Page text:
There Are Plenty of Reasons to Skip ‘13 Reasons Why’ Season 3
Netflix’s “13 Reasons Why” returns for a third season that goes so beyond the original premise that even the title has lost all meaning. There are not one, two, three or even four convincing reasons for this show to carry on. It’s a classic case of a studio finding itself with a hot property that it continuously has to find ways to stretch out. The first season was a culturally relevant drama about one high school girls’ sad journey to suicide. The second season literally repeated the same story but from different points of view with a few new plot lines tossed in. Left with no excuse to recycle the tragic story of Hannah Baker, this third outing spins a whole new narrative that plays like a bad teen melodrama.
Bereft of any new cassettes, the show now relies on switching back and forth between the present and 8 months in the past. We’re back at Liberty High with a fresh narrator in the form of Ani (Grace Saif), a new Kenyan/English student. She arrives to a campus still reeling from the trial of jock rapist Bryce Walker (Justin Prentice) and a false active shooter alarm during the school’s Spring Fling. It wasn’t so false. Clay (Dylan Minnette) and Tony (Christian Navarro) had stopped the perturbed Tyler (Devin Druid) from carrying out a massacre, mostly inspired from his assault and sodomization by demented jocks. Now Tyler is under the supervision of his peers, who are aware of what nearly happened, but new tensions arise when Bryce suddenly disappears. The suspects are numerous, from Tyler to Jessica (Alisha Boe), one of Bryce’s rape victims. Bryce had been sent to a new private school, but his shadow lingered over his former campus. When his body is found in a local river, Clay and Ani ponder who among them could be a murderer.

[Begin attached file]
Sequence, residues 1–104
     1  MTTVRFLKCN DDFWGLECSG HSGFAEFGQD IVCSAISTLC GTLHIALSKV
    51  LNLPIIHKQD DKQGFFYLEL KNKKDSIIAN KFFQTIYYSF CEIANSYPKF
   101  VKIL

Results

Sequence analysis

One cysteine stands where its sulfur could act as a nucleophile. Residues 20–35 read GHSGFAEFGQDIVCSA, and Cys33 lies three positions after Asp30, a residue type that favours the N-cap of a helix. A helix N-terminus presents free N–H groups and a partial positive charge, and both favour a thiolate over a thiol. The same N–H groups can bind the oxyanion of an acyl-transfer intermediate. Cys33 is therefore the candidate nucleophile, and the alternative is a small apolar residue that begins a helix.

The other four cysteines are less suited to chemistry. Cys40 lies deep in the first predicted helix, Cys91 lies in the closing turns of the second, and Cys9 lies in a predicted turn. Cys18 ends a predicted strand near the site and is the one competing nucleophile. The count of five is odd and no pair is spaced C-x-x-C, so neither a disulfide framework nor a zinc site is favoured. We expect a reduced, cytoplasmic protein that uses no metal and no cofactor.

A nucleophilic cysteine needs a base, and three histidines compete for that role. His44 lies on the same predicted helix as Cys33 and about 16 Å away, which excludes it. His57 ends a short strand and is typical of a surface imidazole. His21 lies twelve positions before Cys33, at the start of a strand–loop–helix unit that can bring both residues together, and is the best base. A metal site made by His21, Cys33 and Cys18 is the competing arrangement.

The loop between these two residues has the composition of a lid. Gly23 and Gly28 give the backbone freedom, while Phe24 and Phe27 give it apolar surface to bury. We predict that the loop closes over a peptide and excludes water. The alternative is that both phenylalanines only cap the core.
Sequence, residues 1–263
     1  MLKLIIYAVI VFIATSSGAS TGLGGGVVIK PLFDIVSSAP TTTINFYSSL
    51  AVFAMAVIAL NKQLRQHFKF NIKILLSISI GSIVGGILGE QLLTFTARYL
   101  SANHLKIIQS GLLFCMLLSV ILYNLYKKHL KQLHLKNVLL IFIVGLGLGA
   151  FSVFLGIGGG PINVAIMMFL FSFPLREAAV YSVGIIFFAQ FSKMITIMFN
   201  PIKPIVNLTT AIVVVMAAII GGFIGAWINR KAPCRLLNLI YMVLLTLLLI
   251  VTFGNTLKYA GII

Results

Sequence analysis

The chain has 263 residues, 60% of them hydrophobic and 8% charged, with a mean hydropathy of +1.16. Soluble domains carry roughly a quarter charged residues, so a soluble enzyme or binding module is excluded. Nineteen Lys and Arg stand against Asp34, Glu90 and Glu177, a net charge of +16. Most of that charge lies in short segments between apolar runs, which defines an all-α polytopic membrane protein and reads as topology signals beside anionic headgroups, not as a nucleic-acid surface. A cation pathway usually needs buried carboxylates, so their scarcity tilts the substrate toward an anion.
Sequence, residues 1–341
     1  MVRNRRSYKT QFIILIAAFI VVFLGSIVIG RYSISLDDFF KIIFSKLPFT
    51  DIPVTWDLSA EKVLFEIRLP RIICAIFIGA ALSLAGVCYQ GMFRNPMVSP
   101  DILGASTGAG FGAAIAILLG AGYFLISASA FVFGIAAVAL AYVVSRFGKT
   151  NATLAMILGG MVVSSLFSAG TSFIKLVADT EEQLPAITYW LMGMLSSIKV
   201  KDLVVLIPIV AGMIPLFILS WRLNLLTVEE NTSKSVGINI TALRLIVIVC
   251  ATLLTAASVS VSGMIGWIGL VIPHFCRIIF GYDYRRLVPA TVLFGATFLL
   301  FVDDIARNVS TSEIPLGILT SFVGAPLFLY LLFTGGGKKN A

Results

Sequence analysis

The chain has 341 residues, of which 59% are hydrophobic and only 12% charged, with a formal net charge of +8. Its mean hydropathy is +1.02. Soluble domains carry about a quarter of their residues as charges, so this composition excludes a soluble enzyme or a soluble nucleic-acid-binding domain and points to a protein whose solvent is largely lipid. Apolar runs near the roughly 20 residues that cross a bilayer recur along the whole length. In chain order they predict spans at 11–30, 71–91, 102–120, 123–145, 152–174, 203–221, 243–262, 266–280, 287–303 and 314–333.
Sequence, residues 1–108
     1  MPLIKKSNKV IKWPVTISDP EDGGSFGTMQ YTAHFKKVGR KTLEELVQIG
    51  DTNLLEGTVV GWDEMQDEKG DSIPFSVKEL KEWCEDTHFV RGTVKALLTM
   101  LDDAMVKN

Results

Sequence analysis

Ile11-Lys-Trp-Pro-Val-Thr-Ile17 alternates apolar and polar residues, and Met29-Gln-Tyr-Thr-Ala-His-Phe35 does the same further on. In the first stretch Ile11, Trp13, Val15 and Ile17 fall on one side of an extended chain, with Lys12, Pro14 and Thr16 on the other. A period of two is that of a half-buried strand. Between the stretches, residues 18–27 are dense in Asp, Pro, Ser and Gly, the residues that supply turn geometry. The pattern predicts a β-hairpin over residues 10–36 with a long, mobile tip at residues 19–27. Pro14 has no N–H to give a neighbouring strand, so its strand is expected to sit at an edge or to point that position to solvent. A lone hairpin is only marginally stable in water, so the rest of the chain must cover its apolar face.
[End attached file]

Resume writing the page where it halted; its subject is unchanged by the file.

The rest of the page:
This new “13 Reasons Why” feels like a stale season of “Riverdale” with the flashy style and bombastic twists taken out. When it first premiered in 2017 the series made an impact because it was faithfully adapted from a YA novel by Jay Asher. The tale of Hannah Baker (played by Katherine Langford) and her thirteen, post-mortem revelations via cassettes struck a chord, to the point where Netflix has apparently edited out her suicide scene from the first season out of concerns of its triggering effect on teen viewers. No studio wants to let go out of a hit, so the showrunners ventured into “The Handmaid’s Tale” or “Big Little Lies” territory and have been attempting to keep the narrative going beyond its starting premise. But unlike “Handmaid’s Tale” the world of this series is so confined and its original message so direct, that it can’t help but now spin out of control, risking perfunctory writing and whacky twists. Wisely enough, the next season will reportedly be the last.